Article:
Change Is Additive—Week of 10/14/16
CHANGE IS ADDITIVE—A 3D Printing News Series by FATHOM
Multi-Material 3D Printing, Improving Nuclear Security, Preserving Historic Sites, Investment in Autodesk
With so many weekly developments in a fast-changing industry like additive manufacturing, the headlines can really stack up. To cut through the clutter of 3D printing news, check out these staff picks of the week. What do you think is the most impactful development?
At the Colosseum in the heart of Rome, an exhibit has been opened that features full-scale 3D printed reproductions of architectural sites destroyed by ISIS.
"Rising from the Ashes: Ebla, Nimrud, Palmyra" opened earlier this week, showcasing the Bull of Nimrud from Iraq, the archive room from the Palace of Ebla in Syria, and a portion of the ceiling from the Temple of Bel in Palmyra // Read More
The Oak Ridge National Laboratory has successfully completed the first phase of "Project AME (Additive Manufacturing Excavator)," an excavator cab created using 3D printed metals and plastics. With backing from the Department of Energy's Advanced Manufacturing Office, Project AME will explore the use of lightweight metal alloys and other materials in 3D printing a heat exchanger and hydraulic stick arm // Read More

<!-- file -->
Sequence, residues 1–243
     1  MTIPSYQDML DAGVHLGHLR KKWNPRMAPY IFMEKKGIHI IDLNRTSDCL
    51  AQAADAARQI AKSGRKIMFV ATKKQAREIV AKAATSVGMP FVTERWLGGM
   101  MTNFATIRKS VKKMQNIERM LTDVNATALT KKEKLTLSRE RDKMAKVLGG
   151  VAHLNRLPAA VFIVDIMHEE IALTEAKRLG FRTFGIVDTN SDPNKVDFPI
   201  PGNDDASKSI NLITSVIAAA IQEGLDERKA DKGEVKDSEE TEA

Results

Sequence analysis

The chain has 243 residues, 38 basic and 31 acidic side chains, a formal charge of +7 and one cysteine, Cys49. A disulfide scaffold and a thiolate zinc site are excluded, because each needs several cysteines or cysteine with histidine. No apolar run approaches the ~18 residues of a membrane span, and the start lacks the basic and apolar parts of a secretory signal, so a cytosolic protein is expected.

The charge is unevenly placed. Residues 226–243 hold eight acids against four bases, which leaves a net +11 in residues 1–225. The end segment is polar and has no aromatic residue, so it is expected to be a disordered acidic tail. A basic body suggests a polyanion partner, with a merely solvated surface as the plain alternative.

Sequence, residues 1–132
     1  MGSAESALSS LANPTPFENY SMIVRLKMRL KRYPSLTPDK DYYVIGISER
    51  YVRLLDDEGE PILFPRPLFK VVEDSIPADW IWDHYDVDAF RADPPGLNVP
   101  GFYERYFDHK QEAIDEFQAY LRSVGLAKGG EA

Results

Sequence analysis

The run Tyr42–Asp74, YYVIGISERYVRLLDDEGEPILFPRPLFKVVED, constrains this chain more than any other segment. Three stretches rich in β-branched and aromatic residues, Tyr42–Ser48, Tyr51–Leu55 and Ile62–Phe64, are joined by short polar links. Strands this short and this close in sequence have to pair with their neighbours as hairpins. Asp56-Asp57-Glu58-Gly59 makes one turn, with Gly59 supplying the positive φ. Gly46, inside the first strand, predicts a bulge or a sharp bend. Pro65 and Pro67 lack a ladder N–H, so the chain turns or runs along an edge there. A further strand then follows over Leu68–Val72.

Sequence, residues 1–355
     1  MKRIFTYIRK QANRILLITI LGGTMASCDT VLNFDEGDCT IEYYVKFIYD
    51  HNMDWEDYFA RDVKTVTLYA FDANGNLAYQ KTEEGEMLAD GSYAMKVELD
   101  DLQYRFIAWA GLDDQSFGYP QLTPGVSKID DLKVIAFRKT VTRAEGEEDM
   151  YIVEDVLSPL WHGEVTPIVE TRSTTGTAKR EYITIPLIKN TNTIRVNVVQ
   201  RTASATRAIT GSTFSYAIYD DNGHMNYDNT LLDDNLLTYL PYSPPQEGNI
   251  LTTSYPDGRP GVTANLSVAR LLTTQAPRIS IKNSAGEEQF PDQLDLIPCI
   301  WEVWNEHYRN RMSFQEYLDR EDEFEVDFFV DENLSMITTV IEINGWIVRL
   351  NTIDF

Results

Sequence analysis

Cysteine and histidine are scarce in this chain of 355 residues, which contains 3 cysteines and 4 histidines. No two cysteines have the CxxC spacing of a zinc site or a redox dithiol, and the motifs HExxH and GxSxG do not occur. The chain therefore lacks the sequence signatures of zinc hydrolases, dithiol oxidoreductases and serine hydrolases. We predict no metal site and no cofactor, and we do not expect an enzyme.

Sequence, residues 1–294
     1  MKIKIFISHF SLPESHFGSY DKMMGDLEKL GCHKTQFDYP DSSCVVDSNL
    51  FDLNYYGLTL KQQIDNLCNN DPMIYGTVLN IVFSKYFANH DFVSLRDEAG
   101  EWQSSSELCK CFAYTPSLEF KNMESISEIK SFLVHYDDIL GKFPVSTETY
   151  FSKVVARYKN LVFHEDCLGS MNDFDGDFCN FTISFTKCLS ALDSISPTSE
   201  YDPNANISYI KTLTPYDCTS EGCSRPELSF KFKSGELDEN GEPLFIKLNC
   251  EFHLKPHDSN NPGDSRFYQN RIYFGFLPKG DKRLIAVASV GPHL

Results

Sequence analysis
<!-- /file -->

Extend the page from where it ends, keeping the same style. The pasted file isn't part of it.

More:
The Additive Manufacturing Team at the Pantex Plan, a federal nuclear weapons facility in Texas, has been using AM in various capacities to increase the efficiency and security of the plant. The team recently received a Defense Programs Award of Excellence for its work integrating technologies throughout the plant, including in the High Explosives department // Read More
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Imagery and News Sources: 3ders.org, 3Dprint.com, 3Dprintingindustry.com, Cults3D, TechCrunch, Autodesk, Sorovan Capital Partners, Department of Energy, Machine Design, UnderArmour, MIT